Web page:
Skip to main content

Housing displacement? The map points to Prospect Heights/Crown Heights

Maybe Christopher Morris, the real estate investor quoted in the 10/21/06 New York Times as anticipating a rise in property values because of the Atlantic Yards project, was right. Or maybe he was riding on trends that already existed, trends that suggest that blight and stagnation are trumped by development.

Indeed, as Brooklyn College sociologist Aviva Zeltzer-Zubida recently reported at a panel in June, "Housing Displacement in Brooklyn: A Discussion," there’s some stark evidence about gentrification trends, and they point directly to areas in the orbit of the Atlantic Yards proposal. It's not common for areas of poverty to nudge up against areas of wealth, but when they do, the poorer areas are vulnerable to displacement.

Looking at the map

That evidence is based on 2000 census information, which captured the beginning of the trend. In the map of Brooklyn’s housing patterns she produced, Zeltzer-Zubida reported a multi-faced segregation--with poorer households in the tracts colored red-orange and green.

She counted four types of housing tracts in Brooklyn, but most people live in the first two. In type 1 (red-orange), where 60% of Brooklyn residents live, the median per capita income in 2000 was $12,090; in type 2 (green), where nearly a third of Brooklynites live, it was almost $21,000. (The median Brooklyn household income in 2000--not the same as per capita--was $32,135 and certainly has gone up. Still, the poorer majority must be offset by a much wealthier minority to reach $32,135.)

But her analysis went well beyond income to include race, large families, owners vs. renters, and housing costs, among other things. In type 1 households, about 30% of residents are white; in type 2, it’s almost 60%. In the blue and yellow (types 3 and 4) tracts, incomes are considerably higher and more than 70% of residents are white.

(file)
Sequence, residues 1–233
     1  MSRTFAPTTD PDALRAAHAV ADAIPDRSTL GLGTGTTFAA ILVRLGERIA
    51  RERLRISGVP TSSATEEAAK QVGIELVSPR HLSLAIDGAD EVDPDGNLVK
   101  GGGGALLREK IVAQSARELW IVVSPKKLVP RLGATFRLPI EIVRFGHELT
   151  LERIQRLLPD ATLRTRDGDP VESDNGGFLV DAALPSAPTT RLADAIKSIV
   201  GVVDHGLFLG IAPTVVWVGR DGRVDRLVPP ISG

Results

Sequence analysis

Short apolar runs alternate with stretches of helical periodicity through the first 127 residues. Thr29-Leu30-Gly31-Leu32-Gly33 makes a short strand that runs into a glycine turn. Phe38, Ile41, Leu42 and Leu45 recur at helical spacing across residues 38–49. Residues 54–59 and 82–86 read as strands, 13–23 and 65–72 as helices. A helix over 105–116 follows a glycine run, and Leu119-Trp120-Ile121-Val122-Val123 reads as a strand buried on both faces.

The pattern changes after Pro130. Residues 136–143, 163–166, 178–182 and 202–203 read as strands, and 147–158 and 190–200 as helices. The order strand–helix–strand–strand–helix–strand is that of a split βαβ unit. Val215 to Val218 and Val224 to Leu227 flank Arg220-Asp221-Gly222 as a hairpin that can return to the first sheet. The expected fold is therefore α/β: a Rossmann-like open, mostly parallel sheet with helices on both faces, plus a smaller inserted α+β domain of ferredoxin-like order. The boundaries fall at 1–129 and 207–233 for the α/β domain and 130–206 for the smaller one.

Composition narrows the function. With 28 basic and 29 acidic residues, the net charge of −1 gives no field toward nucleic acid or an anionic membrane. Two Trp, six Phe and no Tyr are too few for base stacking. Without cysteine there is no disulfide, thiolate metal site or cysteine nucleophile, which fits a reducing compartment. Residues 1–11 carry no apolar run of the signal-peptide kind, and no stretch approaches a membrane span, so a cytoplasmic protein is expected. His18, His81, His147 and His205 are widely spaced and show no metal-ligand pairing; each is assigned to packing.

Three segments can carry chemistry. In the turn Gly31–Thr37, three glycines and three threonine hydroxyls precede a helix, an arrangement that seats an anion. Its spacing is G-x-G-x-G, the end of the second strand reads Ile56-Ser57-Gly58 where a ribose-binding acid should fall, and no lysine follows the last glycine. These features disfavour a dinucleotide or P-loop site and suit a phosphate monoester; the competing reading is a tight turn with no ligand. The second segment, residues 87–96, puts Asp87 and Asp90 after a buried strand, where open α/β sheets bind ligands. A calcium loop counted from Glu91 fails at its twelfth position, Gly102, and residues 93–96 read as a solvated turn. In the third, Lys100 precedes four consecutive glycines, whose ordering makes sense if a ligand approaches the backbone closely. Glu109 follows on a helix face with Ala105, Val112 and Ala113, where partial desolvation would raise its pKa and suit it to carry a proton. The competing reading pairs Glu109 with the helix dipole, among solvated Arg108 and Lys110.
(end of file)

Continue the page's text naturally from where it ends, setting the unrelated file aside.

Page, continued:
Honing in on displacement

In the type 1 census tracts, about a quarter of the people pay more than half their income in rent, which means their tenancy is precarious. “What I think is going on, and if we think about housing displacement, and the bottom line here is that orange next to blue or yellow presents risk of housing displacement. Somebody told me that I should show this to real estate developers and make a lot of money,” Zeltzer-Zubida said, to some laughter.

Indeed, if you look at the right side of the small map, where the blue nudges up against orange-red below a black line, that tract in orange-red includes Prospect Heights and Crown Heights.

What the Census says

My eyeball analysis is that the orange-red tract east of blue is between Atlantic Avenue and Bergen Street, and Vanderbilt and Grand avenues--just east of the Atlantic Yards footprint. (Grand Avenue is just east of Washington Avenue, which formers the border between Prospect Heights and Crown Heights.)

The incomes for the tract, according to the Census (below) do not precisely conform to what Zeltzer-Zubida reported, because she was analyzing per capita income (which depends on household income divided by household size), while the Census focused on household income.

Still, the Census confirms a dramatic transition going east from Vanderbilt Avenue below Atlantic Avenue, at the center of the map. Whereas the section to the west, between Sixth Avenue and Vanderbilt, is the wealthiest category (dark green), going east, the next tract, between Vanderbilt and Grand north of Bergen, is the middle category (light green), thus skipping the intermediate category (medium green).

(The wealthy segment would include most of the Atlantic Yards project. While there's a diversity of incomes there, including rent-stablized apartments, the presence of the Newswalk condos and some other high-end buildings undoubtedly raises the average income.)

Last month, in a New York magazine article headlined Brooklyn is Burning, with the subtitle “Do development and arson go hand in hand?” Mark Jacobson observed:
Within three months, from December 7, 2005, to February 24, 2006, there were eleven such fires along Prospect Heights’ “Pacific Street Corridor,” formerly home to single-story factories and flat-fix establishments but now part of the realty zone sandwiched between the escalating rent sprawl of Williamsburg and Fort Greene and the proposed Atlantic Yards megaproject to the West.